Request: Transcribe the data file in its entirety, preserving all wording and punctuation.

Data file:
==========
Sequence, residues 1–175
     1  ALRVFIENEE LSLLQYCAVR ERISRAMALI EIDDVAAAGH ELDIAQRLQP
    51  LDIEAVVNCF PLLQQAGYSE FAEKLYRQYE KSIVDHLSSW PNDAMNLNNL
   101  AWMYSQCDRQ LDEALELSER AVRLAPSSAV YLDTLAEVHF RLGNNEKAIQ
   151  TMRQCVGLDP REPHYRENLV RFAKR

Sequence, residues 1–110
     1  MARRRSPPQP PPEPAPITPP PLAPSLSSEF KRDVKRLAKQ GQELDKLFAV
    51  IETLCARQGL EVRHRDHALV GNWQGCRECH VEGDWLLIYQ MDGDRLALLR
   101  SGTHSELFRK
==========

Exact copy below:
Sequence, residues 1–175
     1  ALRVFIENEE LSLLQYCAVR ERISRAMALI EIDDVAAAGH ELDIAQRLQP
    51  LDIEAVVNCF PLLQQAGYSE FAEKLYRQYE KSIVDHLSSW PNDAMNLNNL
   101  AWMYSQCDRQ LDEALELSER AVRLAPSSAV YLDTLAEVHF RLGNNEKAIQ
   151  TMRQCVGLDP REPHYRENLV RFAKR

Sequence, residues 1–110
     1  MARRRSPPQP PPEPAPITPP PLAPSLSSEF KRDVKRLAKQ GQELDKLFAV
    51  IETLCARQGL EVRHRDHALV GNWQGCRECH VEGDWLLIYQ MDGDRLALLR
   101  SGTHSELFRK